Visit Us
email us

Father Tartuffe: An Indigenous Misadventure is a hilarious reimagination/adaptation of Moliere’s Tartuffe set in Canada during Expo 67. The would-be victims of the religious fraudster are indigenous Canadians who refer to themselves as Indians at the time of our centennial celebrations in Montreal.
Playwright Herbie Barnes is imaginatively faithful to Moliere but also shows inventiveness in setting the play in a middle-class indigenous family whose father falls for Father Tartuffe’s hypocritical holy roller lies.
Orin (Sam Bob) works for Canada’s centennial bash in Montreal and lives in a well-appointed house with his family. He comes under the total control of Father Tartuffe (Aidan Correia), a fervent religious hypocrite who goes after Orin’s money, daughter, and wife.
Orin’s lively daughter Maryanne (Danica Charlie) is in love with the handsome Valant (Frankie Cottrell) and we are momentarily concerned that true love may be thwarted by parental interference and hypocritical lust.
Tartuffe has his eye and other parts of his anatomy on Orin’s wife Elise (Quelemia Sparrow, also co-director) and he makes a valiant attempt to establish contact with her anatomy.
Braiden Houle as Orin’s red-bandana-wearing son Dennis showed anger but no humour. Marshall Veille as Granny had an awkward time dealing with his lines at the beginning but was funnier in the end when he was allowed to crack lines about the rhyming couplets.
Cathy (Cheri Maracle), a statuesque friend of the family was effective and funny as was Samantha Alexandra as Darlene. Barnes adds another element to his play by making Cathy a feisty lesbian.
Barnes’ adaptation and his rhyming couplets are good and there are some very funny lines about Canada’s indigenous people. Cathy, a friend of Orin has one of the best lines when she snaps that she has not ceded her body yet. Correia as Tartuffe was energetic and could remove his clothes at great speed. His attempts to seduce Elise were full of enthusiasm.
But the production in general has a few problems. Most of the actors have problems dealing with rhyming couplets. The lines require speed, enunciation, and poetic diction that most of them unfortunately lack. Without the ease of speaking the couplets, the actors looked like they were trying to walk quickly through mud. The rhyming couplets should propel the delivery of the lines and the action. In this production it did not work that way.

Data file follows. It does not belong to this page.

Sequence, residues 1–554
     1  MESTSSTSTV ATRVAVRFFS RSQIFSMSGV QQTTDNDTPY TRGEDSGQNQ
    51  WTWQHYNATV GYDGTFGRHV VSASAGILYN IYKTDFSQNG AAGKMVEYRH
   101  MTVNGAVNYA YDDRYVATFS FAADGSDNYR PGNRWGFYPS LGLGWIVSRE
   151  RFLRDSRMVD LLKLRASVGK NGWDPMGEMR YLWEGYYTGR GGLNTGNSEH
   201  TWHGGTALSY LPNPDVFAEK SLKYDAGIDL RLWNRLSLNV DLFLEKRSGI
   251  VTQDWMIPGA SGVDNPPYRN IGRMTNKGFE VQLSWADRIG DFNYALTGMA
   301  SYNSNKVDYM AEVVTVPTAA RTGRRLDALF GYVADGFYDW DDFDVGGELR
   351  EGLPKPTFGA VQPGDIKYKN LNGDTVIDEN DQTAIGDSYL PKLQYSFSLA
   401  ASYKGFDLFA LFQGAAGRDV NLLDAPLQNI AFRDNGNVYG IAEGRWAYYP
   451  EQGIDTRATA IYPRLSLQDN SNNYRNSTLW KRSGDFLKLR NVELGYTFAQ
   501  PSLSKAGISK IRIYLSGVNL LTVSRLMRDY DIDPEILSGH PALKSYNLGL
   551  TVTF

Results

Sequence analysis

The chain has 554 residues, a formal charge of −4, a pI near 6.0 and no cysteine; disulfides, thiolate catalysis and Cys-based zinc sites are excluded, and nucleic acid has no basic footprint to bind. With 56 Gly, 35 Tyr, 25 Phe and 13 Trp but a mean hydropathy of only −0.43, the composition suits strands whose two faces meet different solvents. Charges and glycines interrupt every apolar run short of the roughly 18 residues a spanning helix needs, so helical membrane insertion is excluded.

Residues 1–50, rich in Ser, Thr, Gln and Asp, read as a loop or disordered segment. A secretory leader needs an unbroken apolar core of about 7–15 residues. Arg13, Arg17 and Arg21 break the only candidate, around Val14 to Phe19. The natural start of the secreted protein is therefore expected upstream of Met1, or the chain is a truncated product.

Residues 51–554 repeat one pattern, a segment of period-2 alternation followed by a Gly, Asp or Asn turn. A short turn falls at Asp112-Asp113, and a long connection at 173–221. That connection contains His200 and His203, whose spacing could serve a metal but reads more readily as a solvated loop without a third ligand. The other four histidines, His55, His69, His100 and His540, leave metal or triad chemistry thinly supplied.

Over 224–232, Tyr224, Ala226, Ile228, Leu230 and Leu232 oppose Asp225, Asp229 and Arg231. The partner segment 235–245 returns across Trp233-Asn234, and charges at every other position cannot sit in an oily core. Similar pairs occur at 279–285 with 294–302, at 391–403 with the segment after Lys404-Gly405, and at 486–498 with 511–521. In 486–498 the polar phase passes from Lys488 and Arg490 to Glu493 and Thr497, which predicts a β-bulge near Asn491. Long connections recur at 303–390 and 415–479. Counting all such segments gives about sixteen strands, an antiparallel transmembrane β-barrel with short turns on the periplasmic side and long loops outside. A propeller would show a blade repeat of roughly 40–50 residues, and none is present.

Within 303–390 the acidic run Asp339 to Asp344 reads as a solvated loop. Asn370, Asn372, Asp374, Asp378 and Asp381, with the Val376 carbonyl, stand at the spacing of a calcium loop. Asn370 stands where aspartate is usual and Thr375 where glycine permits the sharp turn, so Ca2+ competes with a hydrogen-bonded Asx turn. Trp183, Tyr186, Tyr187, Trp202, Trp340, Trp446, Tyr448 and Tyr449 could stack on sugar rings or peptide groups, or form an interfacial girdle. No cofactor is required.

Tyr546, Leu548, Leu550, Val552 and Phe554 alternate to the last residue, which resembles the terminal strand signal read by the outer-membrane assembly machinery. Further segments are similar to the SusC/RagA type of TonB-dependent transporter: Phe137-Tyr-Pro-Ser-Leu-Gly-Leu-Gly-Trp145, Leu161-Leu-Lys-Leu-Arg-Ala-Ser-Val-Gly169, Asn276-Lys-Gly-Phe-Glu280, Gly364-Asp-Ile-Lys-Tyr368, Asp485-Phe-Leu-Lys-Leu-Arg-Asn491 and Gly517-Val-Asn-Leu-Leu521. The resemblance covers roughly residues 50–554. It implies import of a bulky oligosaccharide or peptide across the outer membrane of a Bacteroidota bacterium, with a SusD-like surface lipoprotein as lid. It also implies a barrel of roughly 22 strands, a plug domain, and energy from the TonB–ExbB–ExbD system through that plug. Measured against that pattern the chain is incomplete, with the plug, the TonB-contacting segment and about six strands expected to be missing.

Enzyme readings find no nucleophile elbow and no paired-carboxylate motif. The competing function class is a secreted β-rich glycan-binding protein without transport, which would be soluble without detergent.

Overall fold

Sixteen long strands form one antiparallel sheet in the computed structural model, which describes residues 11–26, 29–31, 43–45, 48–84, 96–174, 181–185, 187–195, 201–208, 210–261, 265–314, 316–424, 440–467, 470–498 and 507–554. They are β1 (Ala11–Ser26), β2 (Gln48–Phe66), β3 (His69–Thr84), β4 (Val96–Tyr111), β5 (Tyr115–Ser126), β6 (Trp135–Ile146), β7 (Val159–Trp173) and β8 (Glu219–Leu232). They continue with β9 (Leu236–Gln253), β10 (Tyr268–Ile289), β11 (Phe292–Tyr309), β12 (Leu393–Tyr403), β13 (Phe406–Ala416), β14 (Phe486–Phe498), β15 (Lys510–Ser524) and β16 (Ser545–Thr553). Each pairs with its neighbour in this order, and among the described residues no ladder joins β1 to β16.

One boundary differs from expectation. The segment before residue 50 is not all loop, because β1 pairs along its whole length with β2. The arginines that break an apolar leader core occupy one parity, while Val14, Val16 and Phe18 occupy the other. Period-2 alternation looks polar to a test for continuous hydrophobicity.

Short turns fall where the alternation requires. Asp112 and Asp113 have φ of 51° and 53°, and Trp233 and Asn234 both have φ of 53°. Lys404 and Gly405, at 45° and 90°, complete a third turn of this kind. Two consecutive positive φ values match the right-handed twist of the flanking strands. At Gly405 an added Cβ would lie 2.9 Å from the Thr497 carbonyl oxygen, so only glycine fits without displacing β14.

Directors Quelemia Sparrow and Roy Surette have done much well but apparently could not solve the fundamental problem of the delivery of the lines.
The set by Ted Roberts showed a well-appointed middle-class room. The costumes and hairdos were appropriately 1960’s style.
The directors show some admirable inventiveness. One example is the position of Tartuffe and Orin on the couch as they express their religiosity. They twist and turn until they stop looking like God and Adam reaching towards each other in the famous tableau of the creation scene of Michelangelo’s Sistine Chapel.
How do you finish the play? Moliere had no difficulty wrapping up his play. Well, there is a modern and hilarious solution in this production which I will not reveal.
Father Tartuffe: An Indigenous Misadventure by Herbie Barnes based on the play by Moliere played until March 24, 2024, at the Granville Island Stage, 1585 Johnston Street, Vancouver B.C.

March 28, 2024
Cultural - Κριτική Καλών Τεχνών

Join Our Newsletter and Get the Latest
Posts to Your Inbox

No spam ever. Read our Privacy Policy
Thank you! Your submission has been received!
Oops! Something went wrong while submitting the form.